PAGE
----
When I ran the teaching and learning center at New York University, the NYU Medical Center was engaged in an ambitious development program to improve faculty teaching and student learning. At its core was the recognition that doctors today employ algorithmic thinking.
Put simply, doctors make diagnoses that are more and more precise when they have more and more input, like symptoms or test data, to assess. So if you tell your doctor you have headaches and chest pain, she may list one hundred possible ailments. But if you add another symptom, like tingling in your hands and feet, her list is reduced to 50 possibilities; another symptom, like a strong reaction to salty food, takes her list down further to 15 or 20. With blood or other tests, she ultimately is able to narrow your possible ailments to 2 or 3. The doctor thus analyzes your symptoms and other input in combination, processing them algorithmically to produce the most likely explanation for their occurring at the same time.
This way of thinking in medicine is explored in a fascinating piece by Vinod Khosla that appeared in TechCrunch:
On its face, the piece approaches medical thinking as a challenge for Artificial Intelligence designers. It asks whether the future will see diagnoses generated through the algorithmic processing of increasingly precise inputs and rendered without the help of doctors as we know them today. What will be the response of medical profession and medical education, Khosla asks, to the potential emergence of Artificial Intelligence that enables more and more precise algorithms for diagnosing ailments? What will they do -- and, by extension, how might their way of thinking change?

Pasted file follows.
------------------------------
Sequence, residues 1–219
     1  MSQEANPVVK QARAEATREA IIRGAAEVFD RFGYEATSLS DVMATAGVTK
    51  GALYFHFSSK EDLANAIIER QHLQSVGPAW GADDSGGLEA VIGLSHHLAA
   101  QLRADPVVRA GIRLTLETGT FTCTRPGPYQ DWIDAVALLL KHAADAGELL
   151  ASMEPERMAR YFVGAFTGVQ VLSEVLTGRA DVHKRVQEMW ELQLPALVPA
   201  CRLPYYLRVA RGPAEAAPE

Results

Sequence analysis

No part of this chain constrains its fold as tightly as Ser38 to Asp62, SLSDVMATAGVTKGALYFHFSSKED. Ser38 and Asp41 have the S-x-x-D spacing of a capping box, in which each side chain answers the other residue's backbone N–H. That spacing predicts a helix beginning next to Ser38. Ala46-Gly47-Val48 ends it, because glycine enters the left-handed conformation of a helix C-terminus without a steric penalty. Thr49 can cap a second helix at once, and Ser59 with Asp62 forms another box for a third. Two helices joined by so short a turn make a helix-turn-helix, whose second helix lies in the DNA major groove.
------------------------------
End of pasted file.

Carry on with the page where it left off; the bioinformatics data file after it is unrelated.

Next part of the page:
While that's certainly a worthwhile question in itself, my reading of Khosla's piece is more general: if doctors indeed practice algorithmic thinking, what other ways of thinking are practiced in other professions? Is there an entrepreneurial way of thinking, for example, that empowers creativity through associating typically dissimilar elements? Or a leaders' way of thinking that reconciles the analysis of complexity in organizations or environments with the emotional sensitivity required to inspire and motivate others? And so on.
The point, of course, is not to put people or professions in simple categories or assume that everyone in a particular category thinks the same way. Rather, the potential advantage of identifying distinct ways of thinking for those in business or other competitive situations is to be able to think differently. Michael Porter, Harvardian guru of competitive strategy, says the "granddaddy of all mistakes" is going down the same path as everyone else and thinking somehow you can achieve better results. One way to forge and follow a different path is to reflect on your current way of thinking and then to try another way of thinking and see what value that can create.